March 6, 2016
Currently, I am in Graz at the International Dog Show. For FCI Group 1, it is only a one day show on Sunday.
Graz’s population is about 300,000 people. It is the capital of Styria and is located in the South eastern corner of Austria near the Slovenian and Hungarian border. Graz seems to be one of those ideal multi cultural picture perfect central European cities from the playbook of the Habsburg dynasty of the legendary Austro-Hungarian Monarchy. The city is a true custodian of the often idealized gilded past through its architecture, institutions and traditions. The baroque buildings along the quiet narrow cobble stone paved streets, the richly decorated formal palaces and monumental government buildings on the open town square, or the ghostly Gostling Castle above the city are great reminders of greatness, wealth, culture and the imperial absolutism of the past.
When traveling to foreign places, I am always interested in the “famous native sons and daughters” of the countries and cities I visit. Graz also has its own interesting group of people to offer.
Graz was the home of Archduke Franz Ferdinand, the nephew of the Austro-Hungarian Emperor, Franz-Joseph. The aging ruler who preferred feudal tranquility to the reform ideas of the duke, had a rather unsavory relationship with Franz Ferdinand. The Archduke was also looked upon as one of the dynasty’s black sheep because he married Countess Sophie Chotek of Bohemia who was just below the “princess level.” Among the many repercussions were Sophie’s exclusion from major state events and the denial to be buried in the Habsburg Imperial Crypt in Vienna. The couple’s children were also not eligible for the Monarchy’s throne. The Archduke’s assassination in Sarajevo, the capital of Bosnia and Herzegovina, caused the beginning of the Great War in 1914.
An interesting fact about Franz Ferdinand is that he was a trigger happy hunter, who killed close to 300,000 wild animals during his short life, from small birds to elephants according to Richard N. Lebow, who wrote the book, “Archduke Franz Ferdinand Lives! A World Without World War I,” in the “what if genre,” proposing and alternative history for the world. Imagine, how our lives would be different today without the first world war… The assassination of Duke Franz Ferdinand in Sarajevo was indeed one of the greatest catalyst of extraordinary changes in the history of humankind. It is fascinating to think – in a twisted way, – that most technological and scientific inventions of the 20th century, including the radar, nuclear bomb, man on the moon, your iPhone and one of their unintended results, climate change, originates from Graz, the birth place of Archduke Franz Ferdinand.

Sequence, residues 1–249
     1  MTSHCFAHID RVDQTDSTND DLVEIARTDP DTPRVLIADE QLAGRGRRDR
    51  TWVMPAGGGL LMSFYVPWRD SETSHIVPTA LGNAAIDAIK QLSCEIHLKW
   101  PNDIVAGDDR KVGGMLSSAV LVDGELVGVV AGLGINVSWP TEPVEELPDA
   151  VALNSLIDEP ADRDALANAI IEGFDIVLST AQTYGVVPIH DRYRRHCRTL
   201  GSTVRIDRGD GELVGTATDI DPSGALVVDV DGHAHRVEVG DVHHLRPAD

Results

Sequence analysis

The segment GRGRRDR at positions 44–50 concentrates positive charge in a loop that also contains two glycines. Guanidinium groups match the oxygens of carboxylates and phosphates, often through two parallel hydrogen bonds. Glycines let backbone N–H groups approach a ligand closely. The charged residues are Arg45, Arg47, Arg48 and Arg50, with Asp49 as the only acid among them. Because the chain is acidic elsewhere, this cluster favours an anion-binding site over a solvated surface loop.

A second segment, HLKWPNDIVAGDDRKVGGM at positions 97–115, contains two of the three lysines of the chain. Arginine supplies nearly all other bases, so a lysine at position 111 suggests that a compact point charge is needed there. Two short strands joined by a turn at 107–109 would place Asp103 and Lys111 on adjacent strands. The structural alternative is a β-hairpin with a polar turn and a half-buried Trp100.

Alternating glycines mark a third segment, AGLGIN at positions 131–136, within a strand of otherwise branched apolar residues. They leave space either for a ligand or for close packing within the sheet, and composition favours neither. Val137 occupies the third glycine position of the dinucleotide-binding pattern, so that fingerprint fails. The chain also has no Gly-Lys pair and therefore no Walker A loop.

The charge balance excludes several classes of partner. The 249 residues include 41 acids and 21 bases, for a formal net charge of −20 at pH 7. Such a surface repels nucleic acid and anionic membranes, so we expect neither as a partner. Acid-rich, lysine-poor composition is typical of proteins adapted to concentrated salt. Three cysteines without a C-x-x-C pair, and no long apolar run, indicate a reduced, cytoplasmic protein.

http://youtu.be/j1pruq2VffM <—- CLICK HERE! Ironically, a probably much better known figure from Graz, is, the ultimate pop culture icon, the total recall governor of California, 2003, former two times Mr. Universe, Arnold Schwarzenegger. He was the son of the former police chief of Graz, Gustav Schwarzenegger. His father was also a former Nazi party member during WWII. We all know Arnold’s rise to fame and his fall. Arnold’s movies range from “Pumping Iron” to “The Terminator” and beyond. It can happen only in America and it can happen only in California.
By the way, as you would expect, there is an Arnold Schwarzenegger Museum in Graz. It is the sort of Austrian “Graceland” with less flair and more though guy image. The museum recreates Schwarzenegger’s early life in Graz, Austria. It exhibits memorabilia, photos, documents, exercise machines and other, sometimes frivolous curiosities.
The difference between fame and infamy is just one’s interpretation . Jack Unterweger, the Austrian serial killer has certainly stained the impeccable list of famous sons of Styria. Jack, the son of a Vienese woman, Theresa Unterweger and an unknown American soldier, was born in Judenburg, Styria just an hour drive from Graz. Jack’s early life was the clear road map to the dark side. He’s been in and out of prison for sexual assault. He committed his first murder in 1974. While in prison he started writing stories and poems. “Purgatory of a Guilty Man” has served as the main source for a documentary movie. In 1990, Unterweger has been released from prison as a rehabilitated man with the assistance of public and celebrity pressure. His writings has been taught in schools and his twisted persona celebrated as the example of one of the successes of liberal penitentiary reform. Jack has become a public figure, journalist and broadcaster. As it turned out, during his broadcasting carrieer, he was reporting many of his unsolved earlier murders.
Unterweger has turned out as a notorious “meurtrier sans frontier” (murderer without borders) as it was discovered that he also killed in Czechoslovakia, Germany and later in the US when he was hired by a magazine to write about crime and prostitution in the US.
Even though he committed suicide in his Austrian prison, his infamy has been carried on in popular culture. He has been portraid by John Malkovich in “Seduction and Despair”, he was also portrayed in “The Infernal Comedy” in 2009 and in a documentary movie, “Entering Hades.”
He was charged of eleven murders and found guilty of nine. Since he was seeking appeal while he died by Austrian law his “guilty verdict was not legally binding.”
Grüße aus Graz!